The uncontrollable nature of global oil prices that now sit on decade year lows has recently left the sector scrabbling to adjust. Controllable measures in the form of costs and investments have been slashed across the sector as non-essential projects face deferral, while workforces are being cut to the bone to stay afloat. Over $50bn in capital expenditure cuts has been announced to date for the oil sector, with more forecast throughout the year as major operators like Exxon Mobil and BP continue to review their 2020 plans.

Out of the companies tracked, Saudi Aramco, the largest oil company in the world, announced the most significant investment cut of $10bn, equating to approximately 27% of its initial budget for 2020. Major expenditure cuts could impact ongoing oil field expansion projects such as Zuluf and Marjan. US operators with shale acreage and Australian operators with upcoming large-scale LNG projects have taken the most drastic measures. For example, US operators such as Occidental Petroleum and EOG Resources have cut over 30% of forecast capital investment through reduced drilling activity and new project spend. Meanwhile, Australian operators Woodside Petroleum Ltd and Santos Ltd are deferring significant investment for the year as major domestic LNG projects, including Scarborough and Barossa, await improved investment conditions.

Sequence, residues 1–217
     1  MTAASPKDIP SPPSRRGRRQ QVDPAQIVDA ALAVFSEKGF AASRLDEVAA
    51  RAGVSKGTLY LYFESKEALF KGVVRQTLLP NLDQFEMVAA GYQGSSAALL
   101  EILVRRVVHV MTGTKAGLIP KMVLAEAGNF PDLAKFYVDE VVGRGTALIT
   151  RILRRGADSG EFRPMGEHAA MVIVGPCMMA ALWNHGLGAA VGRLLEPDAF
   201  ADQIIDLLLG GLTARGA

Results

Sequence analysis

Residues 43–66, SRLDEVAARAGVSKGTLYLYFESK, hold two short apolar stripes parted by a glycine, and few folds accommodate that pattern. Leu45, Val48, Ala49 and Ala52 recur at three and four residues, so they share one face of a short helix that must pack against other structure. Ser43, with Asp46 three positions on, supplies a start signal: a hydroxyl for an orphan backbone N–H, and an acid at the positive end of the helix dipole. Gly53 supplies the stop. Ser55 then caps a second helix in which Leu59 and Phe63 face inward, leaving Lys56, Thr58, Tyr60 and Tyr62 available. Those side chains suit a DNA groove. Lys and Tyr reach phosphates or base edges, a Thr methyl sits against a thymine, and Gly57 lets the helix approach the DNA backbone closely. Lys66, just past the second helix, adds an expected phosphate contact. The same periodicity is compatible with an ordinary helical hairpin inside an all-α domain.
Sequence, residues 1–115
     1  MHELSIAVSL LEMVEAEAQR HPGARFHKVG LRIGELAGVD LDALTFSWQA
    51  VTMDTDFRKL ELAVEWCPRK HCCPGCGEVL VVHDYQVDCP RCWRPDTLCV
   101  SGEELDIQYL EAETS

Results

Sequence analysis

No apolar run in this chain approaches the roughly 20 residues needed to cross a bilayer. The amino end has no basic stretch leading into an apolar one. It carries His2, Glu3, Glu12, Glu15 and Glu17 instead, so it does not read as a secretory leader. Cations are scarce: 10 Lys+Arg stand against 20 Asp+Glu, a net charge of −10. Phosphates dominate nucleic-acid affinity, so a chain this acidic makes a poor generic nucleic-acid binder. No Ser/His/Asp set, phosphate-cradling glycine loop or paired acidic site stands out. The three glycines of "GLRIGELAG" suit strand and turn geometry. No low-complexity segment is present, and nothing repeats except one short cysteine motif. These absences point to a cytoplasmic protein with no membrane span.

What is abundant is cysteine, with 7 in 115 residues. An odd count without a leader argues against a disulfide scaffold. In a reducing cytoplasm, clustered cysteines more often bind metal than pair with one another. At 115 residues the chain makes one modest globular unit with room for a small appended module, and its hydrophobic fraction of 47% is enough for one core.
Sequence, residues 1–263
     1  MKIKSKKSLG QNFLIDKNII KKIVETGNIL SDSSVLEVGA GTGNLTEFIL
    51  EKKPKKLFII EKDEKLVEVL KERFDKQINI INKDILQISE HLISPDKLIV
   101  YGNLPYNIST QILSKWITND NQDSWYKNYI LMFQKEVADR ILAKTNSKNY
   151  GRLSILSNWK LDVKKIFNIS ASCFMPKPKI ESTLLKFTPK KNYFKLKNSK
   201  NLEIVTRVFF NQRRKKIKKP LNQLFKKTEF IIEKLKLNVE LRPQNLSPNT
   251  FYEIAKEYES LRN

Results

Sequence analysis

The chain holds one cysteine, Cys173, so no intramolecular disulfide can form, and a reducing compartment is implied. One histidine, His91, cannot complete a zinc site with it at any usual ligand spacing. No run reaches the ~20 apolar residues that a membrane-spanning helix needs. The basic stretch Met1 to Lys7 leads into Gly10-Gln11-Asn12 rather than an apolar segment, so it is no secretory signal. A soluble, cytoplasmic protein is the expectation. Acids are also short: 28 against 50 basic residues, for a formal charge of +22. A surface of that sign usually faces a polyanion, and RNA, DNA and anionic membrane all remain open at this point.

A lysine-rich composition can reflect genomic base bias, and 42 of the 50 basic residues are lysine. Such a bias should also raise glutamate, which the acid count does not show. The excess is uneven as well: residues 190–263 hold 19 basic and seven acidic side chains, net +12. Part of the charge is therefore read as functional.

Regained market stability at sustainable levels is required to bring back delayed spending and investment confidence. In addition to deferred project investments, share buy backs, dividend payouts and general overhead costs have all come under review for 2020 with revisions downward. The types and severity of the cuts seen will differ depending on the stakeholder requirements. National oil companies will strive to protect obligated payments to the government, whilst maintaining production volumes, whereas independent oil companies will focus on strengthening their balance sheets and continuing to generate returns for investors.